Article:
Sam Zeff / KCUR 89.3

Kansas City Police Have Been Writing Fewer Tickets But That's About To Change

For decades, city officials say Kansas City police would write about 300,000 traffic tickets a year. The last few years that's dropped below 120,000, according to Kansas City Police Department records. While that may be good for drivers, it’s bad for the city’s bottom line. “So what we’re seeing is, not only a decline in the number of tickets but a decline in the corresponding revenue that are used to support city operations,” says Kansas City City Manager Troy Schulte.

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Up To Date

A Unique Approach To Getting More Produce Into Kansas City's Food Deserts

In neighborhoods where grocery stores are rare, one entrepreneur's deliveries are bringing fresh food into existing shops and small businesses.

Julie Denesha / KCUR 89.3 FM

Judge In Kansas Motor-Voter Trial Unloads Frustration On Kobach

Kansas Secretary of State Kris Kobach got a tongue lashing Tuesday from the judge who will decide whether he violated federal law by blocking tens of thousands of voter applications. Federal Chief District Judge Julie Robinson, a George W. Bush appointee, accused Kobach of engaging in “gamesmanship” and skirting her orders.

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Madeline Fox / Kansas News Service

Kansas Lawmakers moved Tuesday to make a bill to release information about the deaths of children in state custody more transparent.

In response to several high-profile cases where a child had been brought to the attention of the Department for Children and Families and later died, the bill requires the agency to release information about kids who die as a result of abuse or neglect.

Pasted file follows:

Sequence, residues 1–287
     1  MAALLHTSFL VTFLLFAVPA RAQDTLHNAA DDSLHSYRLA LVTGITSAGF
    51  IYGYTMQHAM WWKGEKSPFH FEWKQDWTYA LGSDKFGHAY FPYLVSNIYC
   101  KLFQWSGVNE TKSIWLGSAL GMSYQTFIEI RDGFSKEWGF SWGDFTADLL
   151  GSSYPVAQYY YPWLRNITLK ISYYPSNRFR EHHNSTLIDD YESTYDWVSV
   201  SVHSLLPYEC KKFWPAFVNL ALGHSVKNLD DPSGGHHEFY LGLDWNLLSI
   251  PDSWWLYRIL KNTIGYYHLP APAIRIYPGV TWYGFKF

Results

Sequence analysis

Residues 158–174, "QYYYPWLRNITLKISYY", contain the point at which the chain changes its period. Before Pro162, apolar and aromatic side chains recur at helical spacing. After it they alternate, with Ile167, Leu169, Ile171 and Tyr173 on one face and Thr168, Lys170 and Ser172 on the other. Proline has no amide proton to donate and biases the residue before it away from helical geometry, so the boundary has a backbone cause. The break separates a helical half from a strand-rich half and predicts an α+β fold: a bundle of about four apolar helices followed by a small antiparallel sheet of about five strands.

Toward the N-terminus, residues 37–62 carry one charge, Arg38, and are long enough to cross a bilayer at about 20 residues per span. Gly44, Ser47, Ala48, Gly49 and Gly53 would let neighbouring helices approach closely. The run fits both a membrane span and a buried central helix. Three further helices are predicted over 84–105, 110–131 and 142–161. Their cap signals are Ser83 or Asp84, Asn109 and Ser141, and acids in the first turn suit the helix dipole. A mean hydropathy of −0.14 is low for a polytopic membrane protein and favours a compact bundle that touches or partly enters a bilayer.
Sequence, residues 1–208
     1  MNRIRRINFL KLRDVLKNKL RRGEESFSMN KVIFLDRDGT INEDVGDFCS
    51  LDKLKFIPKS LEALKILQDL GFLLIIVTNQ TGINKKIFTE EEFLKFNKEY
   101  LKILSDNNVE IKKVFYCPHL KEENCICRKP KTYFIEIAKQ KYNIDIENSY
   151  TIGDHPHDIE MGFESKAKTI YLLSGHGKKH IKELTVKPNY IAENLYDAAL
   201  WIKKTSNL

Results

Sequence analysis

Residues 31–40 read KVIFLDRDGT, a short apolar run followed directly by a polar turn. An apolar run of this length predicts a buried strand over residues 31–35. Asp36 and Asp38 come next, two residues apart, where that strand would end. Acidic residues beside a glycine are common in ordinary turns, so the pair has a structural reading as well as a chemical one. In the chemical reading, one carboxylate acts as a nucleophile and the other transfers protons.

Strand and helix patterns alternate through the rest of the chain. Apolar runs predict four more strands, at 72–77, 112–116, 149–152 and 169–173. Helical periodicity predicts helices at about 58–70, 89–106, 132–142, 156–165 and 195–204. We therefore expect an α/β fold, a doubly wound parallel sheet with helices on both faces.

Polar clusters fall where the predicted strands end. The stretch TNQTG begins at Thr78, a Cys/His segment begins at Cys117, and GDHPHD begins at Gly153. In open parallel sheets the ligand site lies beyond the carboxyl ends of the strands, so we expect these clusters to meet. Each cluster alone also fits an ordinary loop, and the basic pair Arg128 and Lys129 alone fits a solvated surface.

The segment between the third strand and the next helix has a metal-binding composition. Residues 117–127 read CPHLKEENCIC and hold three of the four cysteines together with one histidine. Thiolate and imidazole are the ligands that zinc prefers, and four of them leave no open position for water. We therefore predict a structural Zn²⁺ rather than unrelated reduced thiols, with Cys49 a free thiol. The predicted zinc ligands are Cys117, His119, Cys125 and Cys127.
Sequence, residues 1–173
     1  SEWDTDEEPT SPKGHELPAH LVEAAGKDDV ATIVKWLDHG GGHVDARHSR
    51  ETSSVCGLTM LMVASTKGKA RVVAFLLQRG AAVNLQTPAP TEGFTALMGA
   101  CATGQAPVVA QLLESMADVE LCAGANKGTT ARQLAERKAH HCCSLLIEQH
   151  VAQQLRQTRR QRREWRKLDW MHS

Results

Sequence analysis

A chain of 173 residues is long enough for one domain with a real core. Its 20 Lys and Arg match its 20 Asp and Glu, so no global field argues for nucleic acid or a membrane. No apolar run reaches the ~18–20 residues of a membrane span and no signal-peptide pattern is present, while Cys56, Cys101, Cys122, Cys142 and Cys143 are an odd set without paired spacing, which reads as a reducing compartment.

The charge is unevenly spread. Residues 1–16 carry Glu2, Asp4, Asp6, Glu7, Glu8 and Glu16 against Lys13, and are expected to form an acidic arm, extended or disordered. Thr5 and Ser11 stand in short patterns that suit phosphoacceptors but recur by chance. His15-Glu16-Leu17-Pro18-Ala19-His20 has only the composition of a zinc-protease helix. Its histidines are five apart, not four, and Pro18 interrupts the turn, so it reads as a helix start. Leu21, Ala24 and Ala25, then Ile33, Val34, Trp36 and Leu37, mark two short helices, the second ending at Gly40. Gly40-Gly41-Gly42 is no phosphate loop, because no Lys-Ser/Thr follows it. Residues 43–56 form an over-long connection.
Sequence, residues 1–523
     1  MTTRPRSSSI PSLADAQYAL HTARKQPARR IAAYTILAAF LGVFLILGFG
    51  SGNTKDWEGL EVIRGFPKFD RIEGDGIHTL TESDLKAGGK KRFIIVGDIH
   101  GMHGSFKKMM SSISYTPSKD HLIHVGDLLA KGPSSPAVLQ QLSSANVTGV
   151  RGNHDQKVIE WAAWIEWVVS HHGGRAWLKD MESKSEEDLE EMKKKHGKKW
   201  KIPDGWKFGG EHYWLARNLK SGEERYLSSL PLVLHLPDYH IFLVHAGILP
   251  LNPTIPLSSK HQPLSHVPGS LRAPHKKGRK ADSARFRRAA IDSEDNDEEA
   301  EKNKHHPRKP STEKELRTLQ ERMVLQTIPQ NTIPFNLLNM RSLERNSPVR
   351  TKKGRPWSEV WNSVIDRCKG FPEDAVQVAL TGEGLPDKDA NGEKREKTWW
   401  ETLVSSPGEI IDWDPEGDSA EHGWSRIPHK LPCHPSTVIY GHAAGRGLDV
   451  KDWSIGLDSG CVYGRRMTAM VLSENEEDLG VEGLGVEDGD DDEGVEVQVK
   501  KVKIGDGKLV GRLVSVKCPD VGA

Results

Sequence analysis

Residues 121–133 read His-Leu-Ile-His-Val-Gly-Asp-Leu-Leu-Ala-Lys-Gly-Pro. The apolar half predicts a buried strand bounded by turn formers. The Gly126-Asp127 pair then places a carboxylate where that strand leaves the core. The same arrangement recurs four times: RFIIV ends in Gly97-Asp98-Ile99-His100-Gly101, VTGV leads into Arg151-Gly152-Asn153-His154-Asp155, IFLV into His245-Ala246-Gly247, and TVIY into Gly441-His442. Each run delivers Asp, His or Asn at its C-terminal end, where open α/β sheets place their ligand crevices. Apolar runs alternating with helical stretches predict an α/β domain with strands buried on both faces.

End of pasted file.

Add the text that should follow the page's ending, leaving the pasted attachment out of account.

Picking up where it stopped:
A bill before Kansas lawmakers says faith-based child agencies should not be required to place children in families if it conflicts with the religious values of the organization.

The private groups currently can choose not to serve some people, such as single parents or same-sex couples.

File Photo / Kansas News Service

Kansas lawmakers are considering creating a watchdog based outside the state’s child welfare agency, but with access to inside information.

A bill to create a child advocate to review the Department for Children and Families comes after years of horror stories of abused children who ended up injured, missing or dead.

Sharma-Crawford Attorneys at Law

Syed Jamal, the Bangladeshi-born scientist whom the federal government is trying to deport, must be released from jail, a judge ruled Tuesday.

Jim McLean / Kansas News Service

For an increasing number of voters, choosing between red and blue feels like no choice.

Elections in Kansas this year could serve as a proving ground for a fed-up electorate made up of folks who might be disgusted enough to form a new political party.

That possibility drives Scott Morgan to travel the state in search of converts to his Party of the Center, what he calls “a safe and sane alternative to the craziness” of the Republicans and Democrats.

Distinctively, candidates of the new party wouldn’t need to agree much with each other about the issues that typically distinguish Republicans from Democrats — just hold a common desire to break from the way politics works now.